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PostSubject: Re: Religion Question #1   August 22nd 2010, 11:14 am

what pisses me off is that for 8 years of my life i had to go to CCD and pray and repent my sins and all that. then i hit high school and no one is saying the pledge or even standing up to say it. I ask them why and they say 'cuz it says under god'. I said "wow your stupid and should stop listening to your left-winged parents" they shut up. Kids just go with whatever they hear because they have no idea to think for themselves, if they see their friend not pledging they wont pledge and eventually it just goes around the school. the funny thing is half of them were Jewish people, one of the more strict religions by me.

the only reason this is a big deal is because of how easily influence people are. I don't "believe in god" but i was raised to. I know that there is a possibility that we evolved from animals (which i strongly believe because i am a person that uses hard facts and evidence to draw conclusions from.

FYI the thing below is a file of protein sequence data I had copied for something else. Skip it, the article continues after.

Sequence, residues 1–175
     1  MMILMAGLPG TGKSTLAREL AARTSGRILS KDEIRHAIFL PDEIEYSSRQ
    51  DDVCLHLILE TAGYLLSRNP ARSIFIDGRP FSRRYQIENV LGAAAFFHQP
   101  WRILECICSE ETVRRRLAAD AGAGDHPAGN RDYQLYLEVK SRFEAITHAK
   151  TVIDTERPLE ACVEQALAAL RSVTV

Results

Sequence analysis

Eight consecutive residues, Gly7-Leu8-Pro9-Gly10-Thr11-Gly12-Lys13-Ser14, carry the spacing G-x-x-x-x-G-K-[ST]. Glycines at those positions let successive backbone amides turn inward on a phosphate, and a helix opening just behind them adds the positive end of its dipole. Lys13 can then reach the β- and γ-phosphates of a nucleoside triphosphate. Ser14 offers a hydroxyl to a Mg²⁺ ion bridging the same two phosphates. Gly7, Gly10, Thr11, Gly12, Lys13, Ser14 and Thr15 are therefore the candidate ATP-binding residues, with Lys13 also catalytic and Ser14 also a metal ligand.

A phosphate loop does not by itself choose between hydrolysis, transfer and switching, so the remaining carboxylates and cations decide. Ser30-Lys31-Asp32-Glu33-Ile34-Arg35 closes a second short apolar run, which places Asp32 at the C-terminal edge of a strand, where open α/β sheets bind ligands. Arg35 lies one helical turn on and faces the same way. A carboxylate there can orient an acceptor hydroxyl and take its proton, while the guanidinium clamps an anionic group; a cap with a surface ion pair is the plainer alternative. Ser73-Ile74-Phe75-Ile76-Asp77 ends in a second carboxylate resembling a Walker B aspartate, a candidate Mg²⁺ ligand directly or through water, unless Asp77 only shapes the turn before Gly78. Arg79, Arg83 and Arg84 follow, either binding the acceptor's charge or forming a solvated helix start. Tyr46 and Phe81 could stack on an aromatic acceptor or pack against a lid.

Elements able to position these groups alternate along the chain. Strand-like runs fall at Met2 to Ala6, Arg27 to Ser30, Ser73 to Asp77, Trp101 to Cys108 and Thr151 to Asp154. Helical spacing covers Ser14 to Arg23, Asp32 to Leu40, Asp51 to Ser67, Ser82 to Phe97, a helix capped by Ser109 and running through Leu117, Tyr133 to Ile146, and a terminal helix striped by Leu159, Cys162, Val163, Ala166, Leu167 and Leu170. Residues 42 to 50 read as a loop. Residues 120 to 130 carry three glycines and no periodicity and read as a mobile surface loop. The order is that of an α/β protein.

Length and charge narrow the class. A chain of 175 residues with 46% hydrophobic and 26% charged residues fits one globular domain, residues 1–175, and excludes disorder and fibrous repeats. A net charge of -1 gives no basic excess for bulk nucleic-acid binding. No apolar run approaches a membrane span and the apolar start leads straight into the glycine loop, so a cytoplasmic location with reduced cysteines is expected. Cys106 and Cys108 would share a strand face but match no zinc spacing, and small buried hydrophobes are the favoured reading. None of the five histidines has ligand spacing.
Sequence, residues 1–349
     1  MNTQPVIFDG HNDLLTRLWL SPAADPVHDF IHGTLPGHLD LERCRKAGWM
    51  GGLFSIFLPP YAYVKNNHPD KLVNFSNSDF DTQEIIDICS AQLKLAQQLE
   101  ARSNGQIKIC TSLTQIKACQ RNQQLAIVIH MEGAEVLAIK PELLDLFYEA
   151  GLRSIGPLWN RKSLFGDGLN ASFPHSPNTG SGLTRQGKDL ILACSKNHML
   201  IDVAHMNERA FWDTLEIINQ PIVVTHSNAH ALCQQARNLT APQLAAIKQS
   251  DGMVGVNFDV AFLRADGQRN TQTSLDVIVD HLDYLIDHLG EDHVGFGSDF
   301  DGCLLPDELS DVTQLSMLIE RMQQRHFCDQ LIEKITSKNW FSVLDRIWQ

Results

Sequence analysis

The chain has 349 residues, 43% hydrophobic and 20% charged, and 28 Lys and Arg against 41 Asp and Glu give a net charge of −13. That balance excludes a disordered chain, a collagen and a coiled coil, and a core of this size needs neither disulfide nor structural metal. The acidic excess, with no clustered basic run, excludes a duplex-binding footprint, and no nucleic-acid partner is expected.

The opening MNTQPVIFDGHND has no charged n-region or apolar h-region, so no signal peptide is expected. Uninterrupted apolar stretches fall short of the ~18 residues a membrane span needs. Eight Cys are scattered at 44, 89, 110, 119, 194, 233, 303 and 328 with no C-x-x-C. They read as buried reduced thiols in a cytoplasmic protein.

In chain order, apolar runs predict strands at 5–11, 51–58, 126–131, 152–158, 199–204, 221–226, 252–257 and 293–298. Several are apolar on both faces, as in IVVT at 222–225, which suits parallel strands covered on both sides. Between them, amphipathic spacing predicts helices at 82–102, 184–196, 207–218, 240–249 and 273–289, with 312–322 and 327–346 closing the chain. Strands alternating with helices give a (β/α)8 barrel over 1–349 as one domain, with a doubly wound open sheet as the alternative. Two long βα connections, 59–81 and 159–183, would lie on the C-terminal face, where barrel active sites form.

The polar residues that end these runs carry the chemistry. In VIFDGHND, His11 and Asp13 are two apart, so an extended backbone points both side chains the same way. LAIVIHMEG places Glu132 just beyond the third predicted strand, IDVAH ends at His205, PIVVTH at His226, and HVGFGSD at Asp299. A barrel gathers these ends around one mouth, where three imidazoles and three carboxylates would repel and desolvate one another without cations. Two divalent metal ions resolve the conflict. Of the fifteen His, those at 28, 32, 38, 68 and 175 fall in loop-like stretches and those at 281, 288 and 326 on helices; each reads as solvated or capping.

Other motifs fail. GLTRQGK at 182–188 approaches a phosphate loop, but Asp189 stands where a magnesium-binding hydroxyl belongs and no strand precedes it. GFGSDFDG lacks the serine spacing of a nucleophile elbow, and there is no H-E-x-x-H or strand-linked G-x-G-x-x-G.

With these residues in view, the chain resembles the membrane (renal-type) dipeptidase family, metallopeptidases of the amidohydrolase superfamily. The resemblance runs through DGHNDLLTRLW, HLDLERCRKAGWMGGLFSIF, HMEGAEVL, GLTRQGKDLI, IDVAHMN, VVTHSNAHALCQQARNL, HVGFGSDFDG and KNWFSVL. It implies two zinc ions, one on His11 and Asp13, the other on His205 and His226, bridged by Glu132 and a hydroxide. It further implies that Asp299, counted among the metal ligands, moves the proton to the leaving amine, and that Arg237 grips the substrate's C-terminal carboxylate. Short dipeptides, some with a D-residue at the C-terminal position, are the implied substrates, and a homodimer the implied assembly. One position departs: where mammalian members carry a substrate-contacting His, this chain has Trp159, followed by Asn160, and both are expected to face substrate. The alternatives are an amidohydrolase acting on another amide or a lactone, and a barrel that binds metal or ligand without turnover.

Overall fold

and you guys are all still wrong. Atheists could give a rats ass. Agnostics are the ones forcing this. Atheists are less extreme. they don't believe but they don't care if other people do. Agnostics are the pricks that want to take out "one nation under god" on the currency and from the pledge. They think just because they don't believe that they shouldn't have to see it.

Even if they prove, cold hard facts, fossils and all, that we evolved from primates, people won't stop believing in god and religion. It just something that gives people a feeling of faith and hope. A feeling that if you ask for it and deserve it things will get better. Why would you want to rip that away from people?